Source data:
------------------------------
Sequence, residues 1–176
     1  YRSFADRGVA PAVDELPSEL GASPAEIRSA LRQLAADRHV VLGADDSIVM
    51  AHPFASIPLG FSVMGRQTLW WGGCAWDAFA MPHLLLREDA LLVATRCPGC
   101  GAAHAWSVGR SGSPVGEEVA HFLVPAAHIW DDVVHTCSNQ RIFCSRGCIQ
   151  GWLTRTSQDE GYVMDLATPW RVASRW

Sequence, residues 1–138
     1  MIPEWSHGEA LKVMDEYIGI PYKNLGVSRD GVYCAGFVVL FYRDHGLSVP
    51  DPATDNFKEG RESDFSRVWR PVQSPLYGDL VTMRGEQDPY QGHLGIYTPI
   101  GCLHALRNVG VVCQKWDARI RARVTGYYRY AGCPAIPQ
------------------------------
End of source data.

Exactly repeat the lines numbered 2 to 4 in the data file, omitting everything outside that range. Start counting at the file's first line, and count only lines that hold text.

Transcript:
     1  YRSFADRGVA PAVDELPSEL GASPAEIRSA LRQLAADRHV VLGADDSIVM
    51  AHPFASIPLG FSVMGRQTLW WGGCAWDAFA MPHLLLREDA LLVATRCPGC
   101  GAAHAWSVGR SGSPVGEEVA HFLVPAAHIW DDVVHTCSNQ RIFCSRGCIQ